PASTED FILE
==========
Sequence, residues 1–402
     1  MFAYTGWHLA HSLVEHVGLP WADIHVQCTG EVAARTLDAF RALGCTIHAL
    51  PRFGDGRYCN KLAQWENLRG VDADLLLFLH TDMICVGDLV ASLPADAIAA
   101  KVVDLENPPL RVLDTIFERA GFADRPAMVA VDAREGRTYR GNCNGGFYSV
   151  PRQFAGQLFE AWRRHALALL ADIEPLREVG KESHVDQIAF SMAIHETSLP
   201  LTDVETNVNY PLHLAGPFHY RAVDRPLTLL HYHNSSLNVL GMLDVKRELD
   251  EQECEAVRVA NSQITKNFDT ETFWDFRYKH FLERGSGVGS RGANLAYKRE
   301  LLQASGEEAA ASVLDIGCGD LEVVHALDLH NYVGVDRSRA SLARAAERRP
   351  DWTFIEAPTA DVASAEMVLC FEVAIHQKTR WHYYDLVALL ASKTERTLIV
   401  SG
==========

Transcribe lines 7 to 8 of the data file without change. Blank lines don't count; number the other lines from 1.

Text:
   251  EQECEAVRVA NSQITKNFDT ETFWDFRYKH FLERGSGVGS RGANLAYKRE
   301  LLQASGEEAA ASVLDIGCGD LEVVHALDLH NYVGVDRSRA SLARAAERRP